The Dow Jones plummeted on Friday as Donald Trump continued to ratchet up the anti-China rhetoric.
The president’s move is blowing up already strained U.S.-China relations. But more than that, the White House’s decision to reignite trade war tensions in the middle of a deadly pandemic threatens to rock the stock market’s shaky foundations.
All three major U.S. stock market indices took a hit to end the week.
The Nasdaq led the retreat after Elon Musk’s bizarre tweetstorm sparked a crash in Tesla stock, and the S&P 500 followed closely behind as Amazon stock cratered following its first-quarter earnings presentation. The Dow Jones was the strongest of the three after DJIA member Apple confirmed its commitment to stock buybacks.
Despite the trouble in the stock market, crude oil rallied back toward the $20 per barrel handle. This was mainly because the rig count declined for the seventh straight week.
After a weak Thursday, risk sentiment buckled on Friday.
Very hawkish rhetoric from President Donald Trump about China’s handling of the coronavirus pandemic has reinflamed longstanding tensions with Beijing.
Larry Kudlow, the White House’s top economic advisor, doubled down in an interview with CNBC. He complained about China’s lack of transparency during the early days of the coronavirus outbreak.
Despite saying he didn’t want to jar markets, the Dow extended its losses shortly after the interview. Kudlow’s efforts to pump up the phase one trade agreement clearly fell flat on Wall Street.
It is astonishing that the threat of more tariffs is what it took to knock the U.S. stock market, given the implosion of the job market and collapsing economic data. But this is precisely what analysts at IG believe is the case.
In a comment shared with CCN.com, senior analyst Joshua Mahony noted that the last thing Wall Street wants right now is another geopolitical crisis on its hands:
Market sentiment has been dealt a blow as Donald Trump raised the likeliness of yet another significant breakdown in relations between the world’s two largest economies. Trump’s claim that the COVID-19 virus originated in a Wuhan lab could send shockwaves throughout the world if proven true.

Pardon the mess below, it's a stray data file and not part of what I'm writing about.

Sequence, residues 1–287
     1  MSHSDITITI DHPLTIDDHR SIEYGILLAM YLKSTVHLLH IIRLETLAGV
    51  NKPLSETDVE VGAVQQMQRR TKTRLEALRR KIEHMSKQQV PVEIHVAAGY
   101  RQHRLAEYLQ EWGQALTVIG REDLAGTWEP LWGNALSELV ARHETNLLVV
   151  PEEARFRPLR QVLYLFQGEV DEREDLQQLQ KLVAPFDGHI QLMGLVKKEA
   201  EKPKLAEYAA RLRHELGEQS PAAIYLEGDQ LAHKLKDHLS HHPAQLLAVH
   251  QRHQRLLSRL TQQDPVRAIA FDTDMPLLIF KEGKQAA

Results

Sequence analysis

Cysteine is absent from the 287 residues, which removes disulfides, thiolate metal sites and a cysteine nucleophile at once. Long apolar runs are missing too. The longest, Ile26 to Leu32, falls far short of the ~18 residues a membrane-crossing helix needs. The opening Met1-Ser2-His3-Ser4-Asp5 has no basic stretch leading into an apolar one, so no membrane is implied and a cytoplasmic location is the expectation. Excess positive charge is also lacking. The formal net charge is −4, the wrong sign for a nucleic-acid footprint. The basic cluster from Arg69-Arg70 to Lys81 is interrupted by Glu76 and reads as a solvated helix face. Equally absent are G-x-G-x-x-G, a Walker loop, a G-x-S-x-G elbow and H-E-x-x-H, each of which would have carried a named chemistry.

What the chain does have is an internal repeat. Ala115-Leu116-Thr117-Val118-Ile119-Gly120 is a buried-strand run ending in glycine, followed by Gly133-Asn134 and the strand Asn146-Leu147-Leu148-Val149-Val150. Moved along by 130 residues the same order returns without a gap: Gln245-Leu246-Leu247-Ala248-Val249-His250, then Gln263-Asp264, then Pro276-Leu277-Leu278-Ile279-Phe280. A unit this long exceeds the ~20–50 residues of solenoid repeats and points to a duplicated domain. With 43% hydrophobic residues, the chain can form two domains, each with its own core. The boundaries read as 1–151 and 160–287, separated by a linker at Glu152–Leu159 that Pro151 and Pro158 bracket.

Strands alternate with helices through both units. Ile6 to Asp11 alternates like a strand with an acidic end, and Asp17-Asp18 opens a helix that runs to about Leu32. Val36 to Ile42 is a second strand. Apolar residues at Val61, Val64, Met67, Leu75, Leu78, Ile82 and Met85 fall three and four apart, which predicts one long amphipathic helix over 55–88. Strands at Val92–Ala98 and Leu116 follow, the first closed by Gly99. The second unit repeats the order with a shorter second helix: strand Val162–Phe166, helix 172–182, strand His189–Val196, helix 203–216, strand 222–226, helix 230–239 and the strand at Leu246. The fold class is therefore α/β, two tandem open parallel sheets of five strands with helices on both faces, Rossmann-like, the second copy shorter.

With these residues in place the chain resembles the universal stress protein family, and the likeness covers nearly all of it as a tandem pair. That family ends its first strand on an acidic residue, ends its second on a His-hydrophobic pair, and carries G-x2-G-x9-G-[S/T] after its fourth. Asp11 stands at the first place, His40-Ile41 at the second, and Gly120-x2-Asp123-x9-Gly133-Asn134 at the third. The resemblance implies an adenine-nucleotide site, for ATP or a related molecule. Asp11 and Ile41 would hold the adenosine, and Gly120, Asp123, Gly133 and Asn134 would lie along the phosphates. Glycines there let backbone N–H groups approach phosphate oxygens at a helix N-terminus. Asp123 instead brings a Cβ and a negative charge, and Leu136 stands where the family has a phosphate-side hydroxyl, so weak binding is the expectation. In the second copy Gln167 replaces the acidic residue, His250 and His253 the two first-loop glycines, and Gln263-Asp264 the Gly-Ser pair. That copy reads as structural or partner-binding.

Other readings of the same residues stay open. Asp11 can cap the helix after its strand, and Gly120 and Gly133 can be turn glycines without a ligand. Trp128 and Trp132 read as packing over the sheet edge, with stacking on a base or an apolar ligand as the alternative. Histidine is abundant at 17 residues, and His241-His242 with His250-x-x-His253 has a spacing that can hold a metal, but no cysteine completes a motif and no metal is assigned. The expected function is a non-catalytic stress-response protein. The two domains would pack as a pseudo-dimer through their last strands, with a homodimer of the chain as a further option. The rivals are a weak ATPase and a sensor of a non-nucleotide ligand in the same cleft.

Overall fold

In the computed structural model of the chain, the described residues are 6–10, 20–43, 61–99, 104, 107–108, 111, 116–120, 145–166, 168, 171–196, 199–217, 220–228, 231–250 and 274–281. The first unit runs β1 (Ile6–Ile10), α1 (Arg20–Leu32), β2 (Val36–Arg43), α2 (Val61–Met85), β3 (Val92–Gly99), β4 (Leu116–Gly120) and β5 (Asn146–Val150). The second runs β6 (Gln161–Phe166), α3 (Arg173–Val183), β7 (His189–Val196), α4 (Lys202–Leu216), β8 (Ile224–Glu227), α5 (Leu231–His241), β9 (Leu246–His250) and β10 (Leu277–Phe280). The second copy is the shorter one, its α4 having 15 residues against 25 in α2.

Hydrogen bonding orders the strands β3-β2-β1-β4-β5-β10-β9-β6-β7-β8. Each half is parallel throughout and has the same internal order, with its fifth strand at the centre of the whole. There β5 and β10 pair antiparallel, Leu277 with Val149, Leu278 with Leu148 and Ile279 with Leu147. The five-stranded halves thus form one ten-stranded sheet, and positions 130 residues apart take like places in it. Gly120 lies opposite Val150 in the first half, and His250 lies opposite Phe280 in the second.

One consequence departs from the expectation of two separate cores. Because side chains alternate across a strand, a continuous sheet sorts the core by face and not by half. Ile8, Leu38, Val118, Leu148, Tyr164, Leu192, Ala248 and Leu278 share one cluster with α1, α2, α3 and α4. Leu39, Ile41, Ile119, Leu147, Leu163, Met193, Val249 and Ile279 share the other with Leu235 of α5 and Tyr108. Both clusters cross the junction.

While the Australian PM has seen little evidence of such a move, there is a growing clamor for an inquiry which could drive a possible rift between China and the rest of the world if proven correct. The last thing markets want right now is another trade war with the world seemingly lurching from crisis to crisis over recent years.
With the prospect of fresh tariffs becoming a real possibility, critics will claim that Trump is attempting to create a diversion to avoid taking any blame for the mounting job losses.
One thing is for sure, and that’s bulls won’t enjoy a return of the tariff man. Economic fundamentals are exponentially weaker than they were during the last phase of the trade war.
After notching its best month in decades, the Dow 30 turned bloody on Friday as risk appetite hit a wall.
Yet the overall losses were mitigated by the sturdy performance of Apple, which fell less than 1% after a mixed earnings report.
Elsewhere, the weakness was much harder to ignore. Dow Inc. took a whopping 7.8% hit, and risk bellwether Caterpillar slid 4.3%.
Domestic play Walmart (+1.6%) was the only member of the Dow Jones in the green. The grocery store giant continues to act as a defensive target for investors.
This article was edited by Josiah Wilmoth.